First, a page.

Friday, April 10, 2009
Even gangs need a vacation
No one has anything good to say about Belize City but everyone ends up there eventually as they travel through Belize. Most travelers avoid staying here, fearing the gang violence they’ve heard about. We might have done the same if it weren’t Santa Semana and we’d been able to find a place to stay elsewhere. However we were in for a pleasant surprise.
We boarded the noon bus and for the first time we were really roughing it in our transportation. Not that we had a choice. There is only one type of bus in Belize and that type is 30 year old school bus. I’ll tell you they’re even more uncomfortable than you remember. But it being Easter, we were lucky to get a bus and even luckier to get a seat. The bus sped along the Norther Highway, the driver blowing the loud truck horn to warn oncoming traffic, animals and pedestrians that it was not stopping. And as promised at exactly 2pm we were in Belize City.
The area around the bus station lived up to everyone’s descriptions. It was a hole: the canal reeked of sewage, there was trash everywhere, but there weren’t many people and certainly no gangs throwing grenades.
Jumping into a cab which may have been just a guy looking to make $6Bz for a 2 minute ride to the Belcove Hotel. I’d sent an email to them the day before but had yet to get a reply from them. But they had plenty of rooms available so we opted for the cheapest one – a clean double with shared bath and access to the patio overlooking the river (photo above) which thankfully didn’t smell like sewage. All for $56Bz. Not a bargain but nowhere near Tulum prices.
The lovely manager, Norma, recommended a place around the corner not just because it was open but because she said the food was delicious and cheap. My favourite combination. Marva’s did indeed have good cheap Belizean food. Our choices were interesting. Fish or chicken and either rice and beans or beans and rice. No, I’m not kidding. We both chose the rice and beans while Adrian had the fish and I had the chicken. I made the mistake of helping myself to the pot of pickled peppers on the table and just about died. They were scotch bonnets and they were the hottest thing I’ve ever tasted. I made Adrian touch one to his tongue and he immediately chugged his coke to ease the burn. We laughed at our mistake then stopped and watched in awe as other customers heaped spoonfuls on their plates – and ate them. Wow.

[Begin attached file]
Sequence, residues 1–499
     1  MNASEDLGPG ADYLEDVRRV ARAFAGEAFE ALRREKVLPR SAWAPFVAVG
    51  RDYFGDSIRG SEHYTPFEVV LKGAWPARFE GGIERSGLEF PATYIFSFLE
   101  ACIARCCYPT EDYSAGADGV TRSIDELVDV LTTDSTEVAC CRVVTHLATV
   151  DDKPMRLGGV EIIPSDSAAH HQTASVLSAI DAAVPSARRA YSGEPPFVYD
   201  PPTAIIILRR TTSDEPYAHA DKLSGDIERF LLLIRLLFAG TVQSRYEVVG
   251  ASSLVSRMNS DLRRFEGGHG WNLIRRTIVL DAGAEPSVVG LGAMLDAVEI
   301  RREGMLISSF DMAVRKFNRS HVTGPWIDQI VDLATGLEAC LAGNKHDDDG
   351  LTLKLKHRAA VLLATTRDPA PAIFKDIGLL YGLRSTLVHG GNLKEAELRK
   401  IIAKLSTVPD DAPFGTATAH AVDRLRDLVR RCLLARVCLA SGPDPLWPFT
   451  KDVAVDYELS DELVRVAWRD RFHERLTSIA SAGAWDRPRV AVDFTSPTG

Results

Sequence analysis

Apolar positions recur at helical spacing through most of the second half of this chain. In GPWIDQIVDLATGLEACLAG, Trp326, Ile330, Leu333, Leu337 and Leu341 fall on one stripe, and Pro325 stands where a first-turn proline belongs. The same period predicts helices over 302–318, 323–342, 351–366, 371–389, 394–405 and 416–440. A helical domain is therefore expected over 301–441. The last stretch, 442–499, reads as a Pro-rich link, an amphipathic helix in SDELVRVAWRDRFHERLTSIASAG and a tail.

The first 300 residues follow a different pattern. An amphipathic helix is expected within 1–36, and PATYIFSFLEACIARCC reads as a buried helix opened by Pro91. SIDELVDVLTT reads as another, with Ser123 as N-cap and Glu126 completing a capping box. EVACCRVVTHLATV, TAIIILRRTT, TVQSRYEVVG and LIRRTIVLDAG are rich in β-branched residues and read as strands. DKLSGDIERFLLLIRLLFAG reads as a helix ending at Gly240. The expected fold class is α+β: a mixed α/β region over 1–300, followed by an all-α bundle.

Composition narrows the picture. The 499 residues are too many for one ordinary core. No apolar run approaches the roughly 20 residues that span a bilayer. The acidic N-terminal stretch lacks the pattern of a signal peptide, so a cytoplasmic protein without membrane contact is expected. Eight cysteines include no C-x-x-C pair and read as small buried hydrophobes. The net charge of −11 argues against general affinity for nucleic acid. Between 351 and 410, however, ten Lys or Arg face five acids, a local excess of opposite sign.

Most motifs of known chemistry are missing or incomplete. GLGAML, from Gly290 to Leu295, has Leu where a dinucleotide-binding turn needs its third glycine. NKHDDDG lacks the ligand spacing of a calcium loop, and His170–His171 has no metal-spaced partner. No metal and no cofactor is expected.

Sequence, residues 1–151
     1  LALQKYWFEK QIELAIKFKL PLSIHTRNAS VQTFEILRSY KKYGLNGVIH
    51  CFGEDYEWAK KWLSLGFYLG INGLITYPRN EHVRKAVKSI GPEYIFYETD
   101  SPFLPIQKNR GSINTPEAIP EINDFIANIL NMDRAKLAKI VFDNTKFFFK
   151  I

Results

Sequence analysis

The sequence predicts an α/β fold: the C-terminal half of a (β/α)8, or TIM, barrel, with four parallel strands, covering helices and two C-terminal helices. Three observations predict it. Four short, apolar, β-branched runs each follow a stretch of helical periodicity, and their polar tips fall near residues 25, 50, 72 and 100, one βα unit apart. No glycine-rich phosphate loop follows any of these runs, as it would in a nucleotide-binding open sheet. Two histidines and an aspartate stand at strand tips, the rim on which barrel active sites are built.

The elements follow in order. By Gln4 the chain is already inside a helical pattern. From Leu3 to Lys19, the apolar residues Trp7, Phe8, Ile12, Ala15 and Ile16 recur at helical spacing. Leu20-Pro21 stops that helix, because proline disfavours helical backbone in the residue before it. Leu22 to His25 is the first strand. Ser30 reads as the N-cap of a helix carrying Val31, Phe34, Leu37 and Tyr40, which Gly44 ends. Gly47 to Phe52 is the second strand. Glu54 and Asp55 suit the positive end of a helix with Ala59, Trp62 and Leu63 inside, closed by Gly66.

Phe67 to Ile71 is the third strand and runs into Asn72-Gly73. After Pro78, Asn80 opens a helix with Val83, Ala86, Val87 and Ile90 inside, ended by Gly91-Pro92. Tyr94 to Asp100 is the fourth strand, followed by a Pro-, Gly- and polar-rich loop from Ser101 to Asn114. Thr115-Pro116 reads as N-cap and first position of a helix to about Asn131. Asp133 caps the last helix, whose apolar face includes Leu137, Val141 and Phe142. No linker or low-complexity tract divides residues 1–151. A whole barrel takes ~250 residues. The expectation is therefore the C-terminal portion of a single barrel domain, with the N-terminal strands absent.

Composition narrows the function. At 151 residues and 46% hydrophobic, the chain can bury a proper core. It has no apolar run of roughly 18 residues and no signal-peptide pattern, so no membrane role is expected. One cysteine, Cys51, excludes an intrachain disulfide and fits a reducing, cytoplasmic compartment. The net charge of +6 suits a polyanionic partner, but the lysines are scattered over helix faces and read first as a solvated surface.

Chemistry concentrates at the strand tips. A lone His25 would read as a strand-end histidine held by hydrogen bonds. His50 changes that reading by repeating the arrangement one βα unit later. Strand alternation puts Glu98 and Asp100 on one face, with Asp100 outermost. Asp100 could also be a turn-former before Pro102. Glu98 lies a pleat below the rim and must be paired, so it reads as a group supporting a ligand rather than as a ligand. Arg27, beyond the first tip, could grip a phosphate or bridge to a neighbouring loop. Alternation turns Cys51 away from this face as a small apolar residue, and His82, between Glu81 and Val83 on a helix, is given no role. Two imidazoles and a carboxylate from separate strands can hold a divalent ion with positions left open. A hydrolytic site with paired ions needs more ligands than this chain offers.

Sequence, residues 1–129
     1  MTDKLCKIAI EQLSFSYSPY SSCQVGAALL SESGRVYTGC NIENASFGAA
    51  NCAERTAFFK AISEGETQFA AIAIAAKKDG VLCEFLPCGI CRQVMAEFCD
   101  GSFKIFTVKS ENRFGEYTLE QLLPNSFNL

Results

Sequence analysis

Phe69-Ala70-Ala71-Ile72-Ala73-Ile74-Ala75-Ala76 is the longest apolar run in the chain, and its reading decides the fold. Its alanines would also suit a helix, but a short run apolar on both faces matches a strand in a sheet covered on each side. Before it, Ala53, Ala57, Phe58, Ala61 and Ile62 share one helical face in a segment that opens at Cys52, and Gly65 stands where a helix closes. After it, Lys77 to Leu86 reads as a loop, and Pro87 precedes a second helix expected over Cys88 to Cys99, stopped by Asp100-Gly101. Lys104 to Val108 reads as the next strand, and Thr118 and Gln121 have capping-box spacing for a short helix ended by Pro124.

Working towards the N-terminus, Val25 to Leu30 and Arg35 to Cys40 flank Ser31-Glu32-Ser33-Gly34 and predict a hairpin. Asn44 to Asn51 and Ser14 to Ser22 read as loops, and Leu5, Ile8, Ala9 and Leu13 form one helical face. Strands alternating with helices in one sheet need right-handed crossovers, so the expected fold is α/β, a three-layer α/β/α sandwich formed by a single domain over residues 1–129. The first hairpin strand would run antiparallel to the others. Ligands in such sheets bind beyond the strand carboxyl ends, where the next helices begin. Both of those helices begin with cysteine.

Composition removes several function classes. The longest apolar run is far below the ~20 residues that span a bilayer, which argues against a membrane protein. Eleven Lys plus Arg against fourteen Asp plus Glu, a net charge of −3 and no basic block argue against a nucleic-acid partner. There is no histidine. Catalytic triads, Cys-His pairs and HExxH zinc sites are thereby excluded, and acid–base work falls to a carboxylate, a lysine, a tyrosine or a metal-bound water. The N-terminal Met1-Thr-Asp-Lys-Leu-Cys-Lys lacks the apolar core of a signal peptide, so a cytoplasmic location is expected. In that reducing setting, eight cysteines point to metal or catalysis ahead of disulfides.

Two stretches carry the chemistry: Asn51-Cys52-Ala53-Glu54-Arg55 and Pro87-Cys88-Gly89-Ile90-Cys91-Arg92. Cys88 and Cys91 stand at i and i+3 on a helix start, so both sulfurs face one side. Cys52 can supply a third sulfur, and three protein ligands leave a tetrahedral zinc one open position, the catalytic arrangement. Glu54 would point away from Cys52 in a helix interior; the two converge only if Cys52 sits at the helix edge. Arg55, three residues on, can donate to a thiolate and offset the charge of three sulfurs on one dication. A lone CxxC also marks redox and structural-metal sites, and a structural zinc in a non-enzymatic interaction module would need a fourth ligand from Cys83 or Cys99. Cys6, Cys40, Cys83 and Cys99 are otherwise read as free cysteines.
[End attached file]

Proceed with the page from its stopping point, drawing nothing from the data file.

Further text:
After lunch we decided to walk around the dangerous streets of Belize City. Everything was shuttered and we saw only a handful of people in the four hours we were out. The first was a guy dressed in palm leaves and coconuts and carrying bongos who approached us as we crossed the rusty swing bridge.
“Take a picture of me. I know you want to” he said
“I do but I have no money to give you if I do.” I replied.
“It’s alright take a picture and show everyone how fabulous I am.
I did and made sure he approved of the shot. The fact that he didn’t want money made him pretty fabulous in my opinion.
We continued walking in the Fort George area. It was a mix of rundown and colonial. It was also home to the cruise ship terminal but without any cruise ships in the harbour it was empty. And a lone jewelry seller begged us to buy something so he’d have at least one sale. Sorry my friend, we need our pennies. Belize is expensive. So expensive, I can’t imagine who the billboards advertising islands for sale were geared to considering the poverty in the town.
Back over the swing bridge, we walked through the commercial centre home to the Supreme Court and the House of Culture – both closed tight for the holidays – as well as St. John’s Cathedral which was just emptying out after Good Friday’s service. After a quick peek inside we headed back to the hotel wondering what we were going to do for dinner, or breakfast and lunch for that matter, in a town that was shut up tight for the next three days.
Norma had been replaced by Julio, the night clerk. He helped us out with the food ordering Chinese delivery for us. He was also super friendly and more American than Belize having spent a few years there. He and Adrian talked about their favourite PSP games, and he and I talked about what Adrian and I should do tomorrow. He convinced us to do a day trip to Caye Caulker which he said we’d enjoy. But the best advice he gave us was that our watches were wrong. Apparently, Belize doesn’t have Daylight Savings Time so for the last three days we’d been an hour ahead. Whoops.
We were joined by Jerry a middle-aged man from Toronto who’d been coming to Belize off and on for the last ten years. He has a character to say the least and recovering from what he first described as a police mugging. But as the truth came out it was more of a bribe to get him out of jail for being drunk and resisting the police who’d tried to get him out of the cab he’d passed out in.
The gangs of Belize may take a vacation but the expat drunks never do.